11072366_10152677628225965_91234684_nTurns out that none of those things happened. I looked cool, I roleplayed with players reasonably successfully and I didn’t cry once. (I almost cried a little bit when my quadricep injury played up, but nobody saw so that didn’t happen.) In fact I think that the weekend was a huge success. I certainly came out with some pictures that I am happy with (perhaps not as happy as I could have been, but everyone has off days) and I also came out of the event having made some awesome friends which is – let’s face it – what hobbies are really all about.

I am hard on myself with my photography. It’s not just enough to get some pictures that everyone else likes, it’s crucial to me to get pictures that are exactly as I wanted them and raise the bar over the last thing I shot. Somebody once said that you’re only ever as good as your last photograph and this is something that I really take to heart.

During some downtime on site I had an interesting discussion with someone which they summed up well in their own Facebook post yesterday. For ease I’ll just copy here what they wrote:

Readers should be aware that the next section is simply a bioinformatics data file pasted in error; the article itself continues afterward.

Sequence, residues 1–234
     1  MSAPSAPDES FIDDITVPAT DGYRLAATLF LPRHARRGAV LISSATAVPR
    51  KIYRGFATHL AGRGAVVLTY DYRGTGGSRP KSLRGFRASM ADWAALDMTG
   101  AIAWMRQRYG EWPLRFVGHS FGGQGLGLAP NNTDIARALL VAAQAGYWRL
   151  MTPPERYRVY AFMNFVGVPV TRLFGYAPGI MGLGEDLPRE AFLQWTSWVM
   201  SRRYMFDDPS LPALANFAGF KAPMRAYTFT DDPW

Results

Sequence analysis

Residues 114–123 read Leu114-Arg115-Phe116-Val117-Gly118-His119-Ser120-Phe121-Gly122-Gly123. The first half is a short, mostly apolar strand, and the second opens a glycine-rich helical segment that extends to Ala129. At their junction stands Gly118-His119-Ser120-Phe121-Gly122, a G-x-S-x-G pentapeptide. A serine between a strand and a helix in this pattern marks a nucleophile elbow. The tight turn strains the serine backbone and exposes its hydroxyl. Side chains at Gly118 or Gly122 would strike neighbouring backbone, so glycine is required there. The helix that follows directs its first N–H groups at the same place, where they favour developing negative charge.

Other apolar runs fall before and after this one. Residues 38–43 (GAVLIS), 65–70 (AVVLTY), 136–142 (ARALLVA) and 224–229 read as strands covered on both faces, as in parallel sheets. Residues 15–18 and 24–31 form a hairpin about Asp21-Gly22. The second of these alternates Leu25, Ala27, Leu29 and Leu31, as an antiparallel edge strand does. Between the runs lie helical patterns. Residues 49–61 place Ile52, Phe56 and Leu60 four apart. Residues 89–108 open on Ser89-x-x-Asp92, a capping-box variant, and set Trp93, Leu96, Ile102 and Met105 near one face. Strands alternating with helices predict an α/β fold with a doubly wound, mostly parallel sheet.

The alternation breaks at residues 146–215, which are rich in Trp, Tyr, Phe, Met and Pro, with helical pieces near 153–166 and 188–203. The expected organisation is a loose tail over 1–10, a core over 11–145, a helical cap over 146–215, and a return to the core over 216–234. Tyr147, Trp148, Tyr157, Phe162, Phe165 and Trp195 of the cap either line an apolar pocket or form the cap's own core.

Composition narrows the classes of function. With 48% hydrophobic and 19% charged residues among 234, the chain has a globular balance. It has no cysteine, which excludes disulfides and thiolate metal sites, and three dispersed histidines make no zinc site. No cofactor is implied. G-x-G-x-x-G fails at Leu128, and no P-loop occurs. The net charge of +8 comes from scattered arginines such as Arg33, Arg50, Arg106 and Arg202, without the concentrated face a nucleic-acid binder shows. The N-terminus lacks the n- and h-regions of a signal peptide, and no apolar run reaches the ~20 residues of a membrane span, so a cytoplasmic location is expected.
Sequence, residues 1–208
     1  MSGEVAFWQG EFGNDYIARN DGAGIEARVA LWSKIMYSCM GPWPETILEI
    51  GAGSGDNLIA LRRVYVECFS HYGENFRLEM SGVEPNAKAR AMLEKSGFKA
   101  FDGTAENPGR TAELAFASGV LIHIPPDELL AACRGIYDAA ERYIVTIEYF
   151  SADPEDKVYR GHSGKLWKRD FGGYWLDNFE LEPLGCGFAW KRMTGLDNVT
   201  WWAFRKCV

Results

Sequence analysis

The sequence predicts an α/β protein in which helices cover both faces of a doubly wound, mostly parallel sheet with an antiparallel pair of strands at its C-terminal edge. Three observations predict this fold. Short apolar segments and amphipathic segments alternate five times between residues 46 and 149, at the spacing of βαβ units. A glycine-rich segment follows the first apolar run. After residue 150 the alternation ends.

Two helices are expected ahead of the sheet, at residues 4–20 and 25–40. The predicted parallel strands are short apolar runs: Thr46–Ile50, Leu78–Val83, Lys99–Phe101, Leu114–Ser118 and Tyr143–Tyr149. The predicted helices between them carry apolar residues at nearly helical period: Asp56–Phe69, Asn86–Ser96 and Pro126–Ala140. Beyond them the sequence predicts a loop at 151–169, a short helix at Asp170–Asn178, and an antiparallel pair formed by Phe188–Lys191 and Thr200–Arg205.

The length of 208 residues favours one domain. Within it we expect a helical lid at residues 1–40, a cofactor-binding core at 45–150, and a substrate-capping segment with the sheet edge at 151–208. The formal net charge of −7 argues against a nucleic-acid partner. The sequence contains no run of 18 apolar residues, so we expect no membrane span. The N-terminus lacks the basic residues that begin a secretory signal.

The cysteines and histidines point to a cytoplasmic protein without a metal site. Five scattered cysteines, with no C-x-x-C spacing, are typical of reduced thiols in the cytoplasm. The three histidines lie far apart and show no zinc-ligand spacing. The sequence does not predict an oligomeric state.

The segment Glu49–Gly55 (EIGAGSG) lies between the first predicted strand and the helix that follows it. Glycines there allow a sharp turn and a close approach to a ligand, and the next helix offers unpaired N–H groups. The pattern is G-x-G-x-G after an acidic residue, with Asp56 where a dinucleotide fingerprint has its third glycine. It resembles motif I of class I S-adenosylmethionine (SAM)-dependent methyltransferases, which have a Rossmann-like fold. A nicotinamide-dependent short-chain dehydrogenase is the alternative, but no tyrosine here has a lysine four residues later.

*talking about making kit and about helping other people make kit*

“Oh god, don’t you just hate it when people say ‘It’s ok for you, you’re good at everything you try'”

“Yes!! Because holy shit that’s not true. It’s feels dismissive of all my hard work, practise and like… all those failed projects and fuck ups!”

“I’m not good at everything, I’m just dishonest about my failures!”

I can’t remember which one of us said which. But I’m fairly sure that there was this great moment of realisation on both sides that someone else had experienced this and also just doesn’t show people the fuckups. This happens in my LARP photography. People tell me I’m amazing. But the truth is at Shadow Wars this weekend I shot just under 750 pictures and I’m only happy to publish 195 of them. 3/4 of my pictures are so rubbish that I’ll never show anyone unless I’m trying to make a specific point.